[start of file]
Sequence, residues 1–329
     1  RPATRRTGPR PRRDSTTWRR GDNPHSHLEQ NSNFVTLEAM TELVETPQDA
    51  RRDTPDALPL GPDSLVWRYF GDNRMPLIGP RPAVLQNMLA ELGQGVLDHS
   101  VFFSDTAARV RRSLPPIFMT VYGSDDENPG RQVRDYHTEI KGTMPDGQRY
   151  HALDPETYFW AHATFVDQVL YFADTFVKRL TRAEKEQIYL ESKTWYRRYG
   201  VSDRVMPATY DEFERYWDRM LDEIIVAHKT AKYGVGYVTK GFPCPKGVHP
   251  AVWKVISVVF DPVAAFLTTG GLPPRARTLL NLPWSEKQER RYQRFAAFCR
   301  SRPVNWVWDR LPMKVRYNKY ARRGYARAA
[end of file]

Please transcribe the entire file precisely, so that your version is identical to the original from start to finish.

Sequence, residues 1–329
     1  RPATRRTGPR PRRDSTTWRR GDNPHSHLEQ NSNFVTLEAM TELVETPQDA
    51  RRDTPDALPL GPDSLVWRYF GDNRMPLIGP RPAVLQNMLA ELGQGVLDHS
   101  VFFSDTAARV RRSLPPIFMT VYGSDDENPG RQVRDYHTEI KGTMPDGQRY
   151  HALDPETYFW AHATFVDQVL YFADTFVKRL TRAEKEQIYL ESKTWYRRYG
   201  VSDRVMPATY DEFERYWDRM LDEIIVAHKT AKYGVGYVTK GFPCPKGVHP
   251  AVWKVISVVF DPVAAFLTTG GLPPRARTLL NLPWSEKQER RYQRFAAFCR
   301  SRPVNWVWDR LPMKVRYNKY ARRGYARAA